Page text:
1975
    Risking Death for the Prophet
    Footnotes
    Theme

    “Risking Death for the Prophet,” Ensign, July 1975, 66–67

    Risking Death for the Prophet

    “One morning I was standing at my gate when two men drove up in a two-horse wagon and asked me to get in and go home with them. About a quarter of a mile distant, on the way, one asked me if I had heard the news, and informed me that four men had come to Kirtland with a ‘Golden Bible,’ one of them had seen an angel. They laughed and ridiculed the idea, but I did not feel inclined to make light of such a subject. I made no reply, I thought that if angels had administered to the children of men again I was glad of it. I was afraid, however, it was not true. On my return home I told my wife what I had heard.

    “The next day I was intending to go fifty miles south to the town of Suffield, Ohio, to pay some taxes, but my wife, thinking that one or two days would not make much difference about that, proposed that we should hunt up those strange men in Kirtland. … On arriving there, we were introduced to Oliver Cowdery, Ziba Peterson, Peter Whitmer, Jr., and Parley P. Pratt. I remained with them all day and became convinced that they were sincere in their professions. I asked Oliver what repentance consisted of, and he replied, ‘Forsaking sin and yielding obedience to the gospel.’

    “I was baptized October 16, 1830 by Parley P. Pratt. … While in bed that night I felt a hand upon my left shoulder and a sensation like fibers of fire immediately enveloped my body. It passed from my right shoulder across my breast to my left shoulder, it then struck me on my collar bone and went to the pit of my stomach, after which it left me. I was enveloped in a heavenly influence and could not sleep for joy. …

    “I held myself in readiness to assist the [Prophet Joseph] Smith family with my money or my personal services, as they might require, as they were financially poor. They were living on a farm owned by F. G. Williams in Kirtland, upon which there was a debt of four hundred dollars due which had to be paid within a stated time or the farm would revert to its former owner. They could not raise the money. I told the Prophet I could raise the money, and he replied that if I could, I should be blessed. … I owned 1200 acres of land lying south of Elyria, which was worth three dollars per acre. In order to raise the money then I would have to sell a portion of it for one dollar and twenty-five cents per acre. I did and paid Joseph the four hundred dollars. …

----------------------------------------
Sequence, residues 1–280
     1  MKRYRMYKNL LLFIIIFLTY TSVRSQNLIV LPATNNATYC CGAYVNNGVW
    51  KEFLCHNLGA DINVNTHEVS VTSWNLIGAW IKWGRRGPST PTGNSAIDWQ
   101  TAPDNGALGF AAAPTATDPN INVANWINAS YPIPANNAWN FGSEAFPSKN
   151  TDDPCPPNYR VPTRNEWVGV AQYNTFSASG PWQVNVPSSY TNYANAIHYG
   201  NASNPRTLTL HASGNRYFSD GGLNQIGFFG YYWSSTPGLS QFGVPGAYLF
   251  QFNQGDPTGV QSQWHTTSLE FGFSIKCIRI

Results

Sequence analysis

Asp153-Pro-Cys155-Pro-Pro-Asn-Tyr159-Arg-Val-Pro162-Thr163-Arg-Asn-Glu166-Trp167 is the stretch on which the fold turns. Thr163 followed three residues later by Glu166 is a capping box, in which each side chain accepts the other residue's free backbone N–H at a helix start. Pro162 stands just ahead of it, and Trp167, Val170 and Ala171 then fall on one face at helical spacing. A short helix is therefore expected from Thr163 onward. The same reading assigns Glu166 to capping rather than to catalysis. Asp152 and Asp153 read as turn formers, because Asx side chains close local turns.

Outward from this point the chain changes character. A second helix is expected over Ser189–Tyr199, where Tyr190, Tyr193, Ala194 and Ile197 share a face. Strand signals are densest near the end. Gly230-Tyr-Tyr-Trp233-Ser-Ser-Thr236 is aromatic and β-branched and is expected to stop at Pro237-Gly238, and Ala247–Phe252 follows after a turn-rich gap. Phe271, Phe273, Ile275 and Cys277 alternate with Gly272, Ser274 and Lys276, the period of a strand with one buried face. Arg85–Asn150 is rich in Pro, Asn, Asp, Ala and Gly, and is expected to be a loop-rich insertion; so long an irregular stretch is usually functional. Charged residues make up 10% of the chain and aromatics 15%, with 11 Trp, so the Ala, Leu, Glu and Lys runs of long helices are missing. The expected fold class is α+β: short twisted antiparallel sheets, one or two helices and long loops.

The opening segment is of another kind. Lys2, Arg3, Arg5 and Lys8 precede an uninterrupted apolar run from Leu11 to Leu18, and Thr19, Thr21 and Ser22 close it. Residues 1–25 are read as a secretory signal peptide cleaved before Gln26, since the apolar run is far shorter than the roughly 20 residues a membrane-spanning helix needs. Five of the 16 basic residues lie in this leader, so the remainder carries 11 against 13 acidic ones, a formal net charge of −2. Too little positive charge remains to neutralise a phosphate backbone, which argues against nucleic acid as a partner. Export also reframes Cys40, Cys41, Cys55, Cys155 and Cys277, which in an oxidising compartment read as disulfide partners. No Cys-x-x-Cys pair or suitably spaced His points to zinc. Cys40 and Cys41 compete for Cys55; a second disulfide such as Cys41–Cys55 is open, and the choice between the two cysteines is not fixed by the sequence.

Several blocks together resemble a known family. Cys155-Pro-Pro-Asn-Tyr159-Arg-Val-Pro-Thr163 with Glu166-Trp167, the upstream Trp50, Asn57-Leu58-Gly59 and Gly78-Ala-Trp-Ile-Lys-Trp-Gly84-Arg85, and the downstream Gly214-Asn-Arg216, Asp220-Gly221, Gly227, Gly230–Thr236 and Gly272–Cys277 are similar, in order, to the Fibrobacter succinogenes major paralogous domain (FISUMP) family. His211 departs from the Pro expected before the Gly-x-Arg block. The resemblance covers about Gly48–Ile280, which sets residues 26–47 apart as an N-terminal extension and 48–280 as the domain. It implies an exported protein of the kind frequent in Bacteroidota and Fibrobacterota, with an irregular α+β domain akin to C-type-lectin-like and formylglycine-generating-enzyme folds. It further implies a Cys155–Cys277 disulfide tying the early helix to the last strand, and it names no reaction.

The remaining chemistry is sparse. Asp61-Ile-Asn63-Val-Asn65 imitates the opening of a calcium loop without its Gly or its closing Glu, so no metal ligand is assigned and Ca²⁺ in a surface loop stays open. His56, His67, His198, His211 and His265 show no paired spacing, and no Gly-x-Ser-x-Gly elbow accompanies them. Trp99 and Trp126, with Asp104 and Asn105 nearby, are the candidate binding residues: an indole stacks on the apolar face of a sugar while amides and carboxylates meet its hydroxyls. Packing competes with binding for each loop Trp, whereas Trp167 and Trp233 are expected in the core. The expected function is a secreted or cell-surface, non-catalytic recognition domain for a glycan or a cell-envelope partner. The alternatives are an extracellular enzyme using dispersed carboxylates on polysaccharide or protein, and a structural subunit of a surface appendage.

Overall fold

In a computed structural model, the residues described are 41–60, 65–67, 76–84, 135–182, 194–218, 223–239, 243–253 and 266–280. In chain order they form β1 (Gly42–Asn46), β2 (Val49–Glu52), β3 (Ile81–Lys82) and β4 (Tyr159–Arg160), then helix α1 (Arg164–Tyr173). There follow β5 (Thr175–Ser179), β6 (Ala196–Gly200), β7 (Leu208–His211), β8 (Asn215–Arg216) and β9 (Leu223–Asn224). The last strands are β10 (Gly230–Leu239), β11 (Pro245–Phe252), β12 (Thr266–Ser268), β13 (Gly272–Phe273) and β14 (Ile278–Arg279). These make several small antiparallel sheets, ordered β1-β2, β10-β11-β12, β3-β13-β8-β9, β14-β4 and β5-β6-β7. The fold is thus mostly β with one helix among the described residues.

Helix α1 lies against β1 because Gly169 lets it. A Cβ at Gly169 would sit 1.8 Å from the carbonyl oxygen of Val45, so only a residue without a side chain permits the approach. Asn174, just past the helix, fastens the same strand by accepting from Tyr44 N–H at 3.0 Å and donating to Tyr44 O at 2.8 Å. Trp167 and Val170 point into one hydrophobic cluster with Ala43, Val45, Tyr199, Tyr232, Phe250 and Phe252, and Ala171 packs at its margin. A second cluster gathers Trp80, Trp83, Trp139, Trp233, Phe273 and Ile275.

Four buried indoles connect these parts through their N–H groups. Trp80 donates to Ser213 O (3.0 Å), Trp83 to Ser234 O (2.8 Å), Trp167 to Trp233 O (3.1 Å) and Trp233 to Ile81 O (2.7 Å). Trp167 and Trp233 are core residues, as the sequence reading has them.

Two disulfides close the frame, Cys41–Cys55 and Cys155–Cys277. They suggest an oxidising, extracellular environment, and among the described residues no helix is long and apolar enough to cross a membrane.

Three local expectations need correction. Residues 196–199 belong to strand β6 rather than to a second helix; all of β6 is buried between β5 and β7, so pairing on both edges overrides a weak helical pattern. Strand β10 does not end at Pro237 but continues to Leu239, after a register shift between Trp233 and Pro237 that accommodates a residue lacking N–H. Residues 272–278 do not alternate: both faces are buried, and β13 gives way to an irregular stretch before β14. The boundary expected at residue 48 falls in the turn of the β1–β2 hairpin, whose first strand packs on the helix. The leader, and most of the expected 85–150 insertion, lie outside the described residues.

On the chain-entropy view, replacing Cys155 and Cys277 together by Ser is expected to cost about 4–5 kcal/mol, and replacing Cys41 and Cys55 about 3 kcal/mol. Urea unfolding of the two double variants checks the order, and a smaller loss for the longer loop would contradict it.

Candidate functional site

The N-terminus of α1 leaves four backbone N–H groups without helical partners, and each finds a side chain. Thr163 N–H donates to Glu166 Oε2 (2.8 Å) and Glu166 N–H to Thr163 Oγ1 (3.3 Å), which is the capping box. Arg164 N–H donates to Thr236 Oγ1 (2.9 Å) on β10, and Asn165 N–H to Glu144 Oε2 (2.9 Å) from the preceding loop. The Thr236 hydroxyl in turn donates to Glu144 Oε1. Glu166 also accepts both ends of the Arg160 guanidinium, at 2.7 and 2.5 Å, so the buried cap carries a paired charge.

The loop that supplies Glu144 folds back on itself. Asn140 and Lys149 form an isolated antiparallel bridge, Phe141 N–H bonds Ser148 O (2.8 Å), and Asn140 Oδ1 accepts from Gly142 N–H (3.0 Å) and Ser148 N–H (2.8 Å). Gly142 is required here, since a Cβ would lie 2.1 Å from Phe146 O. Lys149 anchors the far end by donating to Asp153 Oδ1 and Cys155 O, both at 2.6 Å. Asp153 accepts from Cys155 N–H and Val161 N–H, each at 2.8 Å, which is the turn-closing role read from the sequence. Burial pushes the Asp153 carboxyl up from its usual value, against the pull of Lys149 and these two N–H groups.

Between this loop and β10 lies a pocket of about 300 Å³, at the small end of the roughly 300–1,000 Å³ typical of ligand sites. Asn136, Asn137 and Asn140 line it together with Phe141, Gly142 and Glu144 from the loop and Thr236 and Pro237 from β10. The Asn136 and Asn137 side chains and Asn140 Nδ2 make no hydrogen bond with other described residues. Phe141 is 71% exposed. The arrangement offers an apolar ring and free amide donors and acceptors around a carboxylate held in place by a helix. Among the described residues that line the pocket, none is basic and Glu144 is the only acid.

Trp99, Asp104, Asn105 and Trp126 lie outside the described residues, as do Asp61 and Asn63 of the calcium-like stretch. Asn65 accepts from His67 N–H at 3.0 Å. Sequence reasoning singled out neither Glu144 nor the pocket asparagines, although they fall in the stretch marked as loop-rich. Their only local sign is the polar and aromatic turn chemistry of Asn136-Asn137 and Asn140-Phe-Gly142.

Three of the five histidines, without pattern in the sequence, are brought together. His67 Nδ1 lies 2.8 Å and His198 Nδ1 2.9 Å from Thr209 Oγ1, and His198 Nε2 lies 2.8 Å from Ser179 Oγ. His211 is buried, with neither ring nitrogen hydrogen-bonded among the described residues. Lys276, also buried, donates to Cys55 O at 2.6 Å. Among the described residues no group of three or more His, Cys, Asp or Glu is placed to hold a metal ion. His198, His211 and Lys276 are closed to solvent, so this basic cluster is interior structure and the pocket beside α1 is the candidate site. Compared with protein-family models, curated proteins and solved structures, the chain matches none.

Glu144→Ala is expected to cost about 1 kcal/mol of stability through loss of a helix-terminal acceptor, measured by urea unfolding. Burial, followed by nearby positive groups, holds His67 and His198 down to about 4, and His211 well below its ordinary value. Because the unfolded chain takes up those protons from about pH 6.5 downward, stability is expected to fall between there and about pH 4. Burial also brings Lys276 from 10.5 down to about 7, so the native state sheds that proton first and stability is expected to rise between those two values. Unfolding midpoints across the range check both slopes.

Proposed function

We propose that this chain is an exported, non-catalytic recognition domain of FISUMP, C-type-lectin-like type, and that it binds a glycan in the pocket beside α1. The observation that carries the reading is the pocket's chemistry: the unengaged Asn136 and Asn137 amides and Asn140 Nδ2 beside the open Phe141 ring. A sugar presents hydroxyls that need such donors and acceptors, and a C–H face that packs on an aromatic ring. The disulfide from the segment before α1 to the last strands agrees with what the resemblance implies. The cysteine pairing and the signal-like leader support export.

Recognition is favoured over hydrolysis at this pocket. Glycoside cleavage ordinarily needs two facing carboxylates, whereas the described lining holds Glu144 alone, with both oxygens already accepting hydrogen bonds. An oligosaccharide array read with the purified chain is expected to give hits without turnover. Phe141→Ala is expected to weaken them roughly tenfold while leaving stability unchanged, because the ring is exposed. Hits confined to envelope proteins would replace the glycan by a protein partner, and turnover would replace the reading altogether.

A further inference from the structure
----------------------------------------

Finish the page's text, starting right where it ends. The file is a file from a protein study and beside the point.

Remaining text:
“In 1832 I sold my possessions in Ohio. … I joined in with a company led by Brother Thomas B. Marsh and arrived in Independence, Jackson County, on the 10th of November.

    “When the mob first began to gather and threaten us, I was selected to go to another county and buy powder and lead. Soon after I returned, a mob of about 150 men came upon us in the dead hour of night. I was aroused from my sleep by the noise caused by the falling houses and had barely time to escape to the woods with my wife and two children when they reached my house and proceeded to break in the door and tear the roof off. … The next day we heard firing down in the Whitmer settlement. Seventeen of our brethren volunteered to go down and see what it meant. When these 17 men arrived at the Whitmer settlement, the mob came against them and took some prisoners. Brother David Whitmer brought us the news of them and said, ‘Every man go, and every man take a man.’